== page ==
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1.
Healthcare (Basel) ; 10(10)2022 Sep 22.
Article in English | MEDLINE | ID: covidwho-2043666

ABSTRACT

SARS-CoV-2 infection is a global public health problem, causing significant morbidity and mortality. Evidence shows that obesity is a recognized risk factor for hospitalization, admission to critical care units, and the development of serious complications from COVID-19. This review analyzes the available epidemiological evidence that relates obesity to a higher risk of severity and mortality from COVID-19, examining the possible pathophysiological mechanisms that explain this phenomenon on a cellular and molecular level.

2.
Nutrients ; 13(3)2021 Mar 17.
Article in English | MEDLINE | ID: covidwho-1138747

ABSTRACT

At the end of 2019, a new coronavirus (COVID-19) appeared on the world scene, which mainly affects the respiratory system, causing pneumonia and multi-organ failure, and, although it starts with common symptoms such as shortness of breath and fever, in about 2-3% of cases it leads to death. Unfortunately, to date, no specific treatments have been found for the cure of this virus and, therefore, it is advisable to implement all possible strategies in order to prevent infection. In this context, it is important to better define the role of all behaviors, in particular nutrition, in order to establish whether these can both prevent infection and improve the outcome of the disease in patients with COVID-19. In the literature, it is widely shown that states of malnutrition, overweight, and obesity negatively affect the immune system, leading to viral infections, and several studies have shown that nutritional interventions can act as immunostimulators, helping to prevent viral infections. Even if several measures, such as the assumption of a specific diet regimen, the use of dietary supplements, and other similar interventions, are promising for the prevention, management, and recovery of COVID-19 patients, it is important to highlight that strong data from randomized clinical trials are needed to support any such assumption. Considering this particular scenario, we present a literature review addressing several important aspects related to diet and SARS-CoV-2 infection, in order to highlight the importance of diet and supplementation in prevention and management of, as well as recovery from COVID-19.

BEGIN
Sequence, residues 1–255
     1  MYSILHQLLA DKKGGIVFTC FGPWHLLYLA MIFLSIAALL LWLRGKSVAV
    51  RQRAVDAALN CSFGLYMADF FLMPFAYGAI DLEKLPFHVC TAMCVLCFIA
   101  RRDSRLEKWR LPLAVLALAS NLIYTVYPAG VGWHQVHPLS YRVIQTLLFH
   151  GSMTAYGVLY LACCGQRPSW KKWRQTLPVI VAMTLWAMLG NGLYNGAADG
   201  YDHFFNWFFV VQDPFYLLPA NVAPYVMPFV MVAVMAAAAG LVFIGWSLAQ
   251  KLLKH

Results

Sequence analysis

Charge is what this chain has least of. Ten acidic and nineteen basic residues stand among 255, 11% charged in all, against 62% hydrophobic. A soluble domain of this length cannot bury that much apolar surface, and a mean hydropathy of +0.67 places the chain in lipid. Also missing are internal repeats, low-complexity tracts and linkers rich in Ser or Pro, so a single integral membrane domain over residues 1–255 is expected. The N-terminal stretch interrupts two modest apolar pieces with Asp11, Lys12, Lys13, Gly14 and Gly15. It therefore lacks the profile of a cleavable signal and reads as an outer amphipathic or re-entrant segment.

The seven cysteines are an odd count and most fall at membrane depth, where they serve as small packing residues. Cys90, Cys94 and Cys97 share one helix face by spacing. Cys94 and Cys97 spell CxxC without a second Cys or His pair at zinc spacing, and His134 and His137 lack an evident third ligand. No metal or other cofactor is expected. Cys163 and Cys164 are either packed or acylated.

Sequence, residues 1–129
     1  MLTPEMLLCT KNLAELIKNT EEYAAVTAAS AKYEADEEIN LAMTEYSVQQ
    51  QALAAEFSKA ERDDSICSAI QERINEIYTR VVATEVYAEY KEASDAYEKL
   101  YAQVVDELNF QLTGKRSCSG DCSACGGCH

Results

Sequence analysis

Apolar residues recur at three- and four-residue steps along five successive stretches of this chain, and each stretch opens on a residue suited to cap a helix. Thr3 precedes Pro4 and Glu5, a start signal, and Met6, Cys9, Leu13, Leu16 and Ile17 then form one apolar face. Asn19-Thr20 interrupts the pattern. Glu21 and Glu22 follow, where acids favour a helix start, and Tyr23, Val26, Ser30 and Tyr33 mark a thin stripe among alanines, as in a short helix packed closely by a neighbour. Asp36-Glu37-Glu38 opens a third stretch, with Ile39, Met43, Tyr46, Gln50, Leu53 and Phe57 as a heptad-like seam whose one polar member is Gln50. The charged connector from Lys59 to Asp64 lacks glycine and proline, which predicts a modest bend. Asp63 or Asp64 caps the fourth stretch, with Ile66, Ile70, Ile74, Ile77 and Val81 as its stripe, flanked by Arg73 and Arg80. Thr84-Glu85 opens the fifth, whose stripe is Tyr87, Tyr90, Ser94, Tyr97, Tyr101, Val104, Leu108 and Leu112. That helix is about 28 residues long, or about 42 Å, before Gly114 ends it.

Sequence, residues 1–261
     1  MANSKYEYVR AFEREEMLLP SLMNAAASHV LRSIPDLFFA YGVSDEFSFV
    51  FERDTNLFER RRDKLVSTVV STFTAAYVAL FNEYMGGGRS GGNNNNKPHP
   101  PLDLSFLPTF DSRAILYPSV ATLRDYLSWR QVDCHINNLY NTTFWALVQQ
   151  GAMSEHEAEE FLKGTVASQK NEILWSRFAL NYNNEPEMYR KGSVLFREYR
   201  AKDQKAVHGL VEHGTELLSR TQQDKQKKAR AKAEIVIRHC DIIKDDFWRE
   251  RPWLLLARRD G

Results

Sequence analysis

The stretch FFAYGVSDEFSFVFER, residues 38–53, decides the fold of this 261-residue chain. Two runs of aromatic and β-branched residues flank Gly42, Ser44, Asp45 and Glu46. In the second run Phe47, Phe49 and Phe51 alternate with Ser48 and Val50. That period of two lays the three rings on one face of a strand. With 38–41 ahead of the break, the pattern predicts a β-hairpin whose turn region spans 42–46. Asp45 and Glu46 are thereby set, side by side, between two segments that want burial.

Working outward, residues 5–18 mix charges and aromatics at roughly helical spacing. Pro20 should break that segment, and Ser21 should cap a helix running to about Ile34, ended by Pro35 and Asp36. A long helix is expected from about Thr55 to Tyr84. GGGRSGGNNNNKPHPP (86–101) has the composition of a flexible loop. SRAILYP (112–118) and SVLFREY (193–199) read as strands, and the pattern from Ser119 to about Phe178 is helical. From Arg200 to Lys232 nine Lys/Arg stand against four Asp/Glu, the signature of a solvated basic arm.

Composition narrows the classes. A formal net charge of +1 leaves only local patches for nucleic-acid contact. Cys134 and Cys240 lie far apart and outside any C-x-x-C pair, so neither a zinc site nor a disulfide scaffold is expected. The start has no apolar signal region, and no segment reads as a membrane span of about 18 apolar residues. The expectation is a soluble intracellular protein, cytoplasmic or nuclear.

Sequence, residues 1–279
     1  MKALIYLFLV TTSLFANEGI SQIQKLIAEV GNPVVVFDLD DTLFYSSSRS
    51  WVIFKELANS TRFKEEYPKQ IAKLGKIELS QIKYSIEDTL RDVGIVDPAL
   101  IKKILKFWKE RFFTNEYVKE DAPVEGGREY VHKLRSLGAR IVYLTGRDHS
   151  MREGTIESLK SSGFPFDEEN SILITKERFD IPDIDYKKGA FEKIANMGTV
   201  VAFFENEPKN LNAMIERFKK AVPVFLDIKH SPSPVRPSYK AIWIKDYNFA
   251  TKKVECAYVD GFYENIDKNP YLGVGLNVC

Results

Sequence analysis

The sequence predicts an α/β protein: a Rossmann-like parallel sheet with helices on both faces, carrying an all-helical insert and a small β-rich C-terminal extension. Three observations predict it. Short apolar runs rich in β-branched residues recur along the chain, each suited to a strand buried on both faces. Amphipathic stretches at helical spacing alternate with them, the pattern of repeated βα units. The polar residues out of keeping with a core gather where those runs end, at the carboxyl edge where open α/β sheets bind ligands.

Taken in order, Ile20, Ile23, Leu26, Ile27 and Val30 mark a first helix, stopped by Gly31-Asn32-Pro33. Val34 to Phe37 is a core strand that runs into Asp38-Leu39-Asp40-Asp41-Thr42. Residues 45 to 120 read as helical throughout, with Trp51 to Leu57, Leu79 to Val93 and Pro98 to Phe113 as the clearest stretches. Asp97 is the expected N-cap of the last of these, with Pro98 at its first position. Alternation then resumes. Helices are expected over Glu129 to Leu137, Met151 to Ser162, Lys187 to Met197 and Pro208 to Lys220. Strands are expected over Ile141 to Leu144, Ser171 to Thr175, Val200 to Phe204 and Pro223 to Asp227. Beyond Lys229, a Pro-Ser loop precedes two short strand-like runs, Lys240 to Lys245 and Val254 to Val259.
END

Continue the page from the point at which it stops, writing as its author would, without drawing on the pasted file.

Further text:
Subject(s)
COVID-19/prevention & control , Dietary Supplements , Nutritional Status , Diet , Humans
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